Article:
WATCHING IT CLICK
Politics Is No Longer Local. It's Viral.
Around this time last year, I was driving through the snow-covered flatlands of the Hawkeye State, headed to a bowling alley where a dozen college students from the University of Northern Iowa were holding court at lanes 27 and 28. All members of a group called UNI Students for Barack Obama, they were dressed from head to toe in Obama gear. This was their last gathering before Jan. 3, the day of the Iowa caucuses, scheduled smack in the middle of their winter break.
As talk turned to their plans for caucus day, it also inevitably turned to the Internet.
It was on Facebook, after all, that the group had been born. Brandon Neil, a 21-year-old junior, had created it on Feb. 12, 2007, the day Obama announced that he was running for president.
It was through news clips posted on YouTube -- and through Obama's YouTube channel, which lists more than 1,800 videos -- that the group learned about the Illinois senator's policies and positions.
And it was mostly on the Internet, in one of those ubiquitous, inescapable Web ads -- the campaign spent $8 million on online advertising -- that they heard about Obama's text-messaging program. "I only get texts from my friends," Andy Green, a 20-year-old sophomore, told me. "Let me correct that: I only get texts from my friends and from Obama."
Looking back, I realize that it was on that Thursday night that a new political reality was cemented in my head. In the past, we've thought of politics as something over there -- isolated, separate from our daily lives, as if on a stage upon which journalists, consultants, pollsters and candidates spun and dictated and acted out the process. Now, because of technology in general and the Internet in particular, politics has become something tangible. Politics is right here. You touch it; it's in your laptop and on your cellphone. You control it, by forwarding an e-mail about a candidate, donating money or creating a group. Politics is personal. Politics is viral. Politics is individual.
And we're just getting started.
Obama's unprecedented online success guarantees that there's not a single campaign in 2012, Democratic or Republican, that won't place the Web at the core of its operation. The floodgates are open. This doesn't mean just hiring Web developers, bloggers, videographers -- the works. It also means using the Internet to invite people into the process, giving them something to work for, offering them a stake in victory or defeat. More than any other medium in our history, the Web is by the people, for the people. Starting with Howard Dean, continuing with Obama and stretching out into the future, this new dynamic will transform the way campaigns are run -- and, beyond that, the way the winning candidate governs. Fundamentally, all of this is redefining our relationship with our politics.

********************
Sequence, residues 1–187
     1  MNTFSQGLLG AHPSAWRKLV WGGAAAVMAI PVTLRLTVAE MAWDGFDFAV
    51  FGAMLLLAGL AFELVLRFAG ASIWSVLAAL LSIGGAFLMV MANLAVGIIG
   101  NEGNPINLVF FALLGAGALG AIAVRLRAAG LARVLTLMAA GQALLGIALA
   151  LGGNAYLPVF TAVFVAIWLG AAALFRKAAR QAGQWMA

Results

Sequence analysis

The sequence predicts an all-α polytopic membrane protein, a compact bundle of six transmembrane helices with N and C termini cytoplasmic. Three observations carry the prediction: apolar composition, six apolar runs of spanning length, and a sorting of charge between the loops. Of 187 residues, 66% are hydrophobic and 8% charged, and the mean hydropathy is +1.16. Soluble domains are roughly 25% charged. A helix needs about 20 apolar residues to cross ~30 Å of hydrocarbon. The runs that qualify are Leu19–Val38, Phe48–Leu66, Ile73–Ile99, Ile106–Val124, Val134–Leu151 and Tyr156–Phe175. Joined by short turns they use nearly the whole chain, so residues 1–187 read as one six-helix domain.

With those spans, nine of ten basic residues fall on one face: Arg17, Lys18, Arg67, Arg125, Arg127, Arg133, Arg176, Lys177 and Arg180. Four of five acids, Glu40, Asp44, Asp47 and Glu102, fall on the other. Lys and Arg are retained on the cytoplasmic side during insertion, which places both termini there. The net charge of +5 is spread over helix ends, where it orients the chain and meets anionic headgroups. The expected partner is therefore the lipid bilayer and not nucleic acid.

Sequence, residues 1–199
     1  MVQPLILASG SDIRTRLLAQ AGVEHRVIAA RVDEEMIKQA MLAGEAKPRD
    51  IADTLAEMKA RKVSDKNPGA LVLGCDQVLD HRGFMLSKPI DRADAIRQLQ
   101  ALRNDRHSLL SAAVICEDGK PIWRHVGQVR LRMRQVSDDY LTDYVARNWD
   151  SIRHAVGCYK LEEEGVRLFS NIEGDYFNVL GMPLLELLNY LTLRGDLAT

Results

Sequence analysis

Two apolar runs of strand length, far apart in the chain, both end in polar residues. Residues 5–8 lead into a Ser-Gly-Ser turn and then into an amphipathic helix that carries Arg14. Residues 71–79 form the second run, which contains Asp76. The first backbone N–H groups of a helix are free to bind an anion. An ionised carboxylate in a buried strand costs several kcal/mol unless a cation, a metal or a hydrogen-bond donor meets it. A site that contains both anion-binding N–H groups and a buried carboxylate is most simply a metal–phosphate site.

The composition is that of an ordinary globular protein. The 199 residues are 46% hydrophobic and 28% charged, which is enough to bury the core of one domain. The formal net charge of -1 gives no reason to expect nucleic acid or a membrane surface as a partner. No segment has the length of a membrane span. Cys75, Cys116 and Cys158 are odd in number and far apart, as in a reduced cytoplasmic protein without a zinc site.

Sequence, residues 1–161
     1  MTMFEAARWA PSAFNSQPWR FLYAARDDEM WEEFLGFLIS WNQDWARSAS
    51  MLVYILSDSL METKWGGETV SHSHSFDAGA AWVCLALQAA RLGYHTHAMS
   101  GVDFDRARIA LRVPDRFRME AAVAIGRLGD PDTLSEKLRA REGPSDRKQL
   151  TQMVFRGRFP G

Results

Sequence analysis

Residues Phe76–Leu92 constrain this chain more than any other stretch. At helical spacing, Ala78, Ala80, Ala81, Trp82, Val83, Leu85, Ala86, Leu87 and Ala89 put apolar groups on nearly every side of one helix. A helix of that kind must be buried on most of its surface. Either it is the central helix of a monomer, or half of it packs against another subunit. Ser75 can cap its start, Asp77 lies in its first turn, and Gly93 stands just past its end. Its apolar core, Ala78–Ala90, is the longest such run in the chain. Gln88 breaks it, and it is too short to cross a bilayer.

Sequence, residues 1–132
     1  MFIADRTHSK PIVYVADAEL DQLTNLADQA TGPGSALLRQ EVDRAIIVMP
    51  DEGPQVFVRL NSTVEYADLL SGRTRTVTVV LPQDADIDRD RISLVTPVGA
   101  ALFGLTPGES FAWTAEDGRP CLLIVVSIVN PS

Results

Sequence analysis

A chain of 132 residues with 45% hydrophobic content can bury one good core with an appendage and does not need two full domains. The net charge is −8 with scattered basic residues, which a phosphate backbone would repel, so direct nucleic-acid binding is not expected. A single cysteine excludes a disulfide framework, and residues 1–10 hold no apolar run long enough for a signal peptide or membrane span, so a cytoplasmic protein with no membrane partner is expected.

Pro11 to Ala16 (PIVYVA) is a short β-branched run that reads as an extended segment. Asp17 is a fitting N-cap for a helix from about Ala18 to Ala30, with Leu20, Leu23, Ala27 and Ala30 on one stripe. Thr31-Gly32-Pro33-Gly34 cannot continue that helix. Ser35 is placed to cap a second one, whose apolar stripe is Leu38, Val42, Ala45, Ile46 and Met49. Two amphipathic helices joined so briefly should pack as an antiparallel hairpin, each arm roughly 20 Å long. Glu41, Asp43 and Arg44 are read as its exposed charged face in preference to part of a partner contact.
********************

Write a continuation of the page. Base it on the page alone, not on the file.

There were so many people on Obama's Internet team -- 90, says deputy campaign manager Steve Hildebrand -- that they were integrated into every part of the operation: communications and fundraising, yes, but also field work and organizing. The results surprised even Joe Rospars, who headed the team. A million people signed up to get Obama's text messages. More than 13 million are on his e-mail list. He raised a half a billion dollars online from 3 million individual donors, including supporters such as Linnie Frank Bailey, a 52-year-old mother of two from Riverside, Calif. In June 2007, I met Bailey on Eons.com (a sort of Facebook for baby boomers) after she gave $10 online to Obama -- her first-ever political contribution. She gave a total of $120.40, mostly in $10 increments.
But this is about more than just $10 donations or a candidate or a political party.
"In this Internet era, it's not enough to run a campaign; you need to lead a movement," Mindy Finn, a Republican online political operative, told me less than three days after the election. "That's what Obama did." Finn, 27, worked on President Bush's eCampaign team in 2004 and supervised former Massachusetts governor Mitt Romney's Web strategy. She worries that, unlike its Democratic counterpart, the Republican establishment hasn't fully grasped the ways the Web is revolutionizing politics. "If you look at their site," she said of the Obama campaign, "their online videos, their online ads, everything they did, it wasn't about 'me, myself and I.' It was about 'we' and 'us.' "
It was, in essence, about you.